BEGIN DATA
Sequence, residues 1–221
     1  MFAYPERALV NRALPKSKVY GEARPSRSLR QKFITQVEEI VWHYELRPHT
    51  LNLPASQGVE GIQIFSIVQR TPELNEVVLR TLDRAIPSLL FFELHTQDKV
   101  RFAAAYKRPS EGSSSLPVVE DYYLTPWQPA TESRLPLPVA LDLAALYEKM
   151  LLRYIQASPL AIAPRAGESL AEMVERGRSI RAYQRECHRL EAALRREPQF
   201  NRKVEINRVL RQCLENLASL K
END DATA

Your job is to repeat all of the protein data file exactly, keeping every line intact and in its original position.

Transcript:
Sequence, residues 1–221
     1  MFAYPERALV NRALPKSKVY GEARPSRSLR QKFITQVEEI VWHYELRPHT
    51  LNLPASQGVE GIQIFSIVQR TPELNEVVLR TLDRAIPSLL FFELHTQDKV
   101  RFAAAYKRPS EGSSSLPVVE DYYLTPWQPA TESRLPLPVA LDLAALYEKM
   151  LLRYIQASPL AIAPRAGESL AEMVERGRSI RAYQRECHRL EAALRREPQF
   201  NRKVEINRVL RQCLENLASL K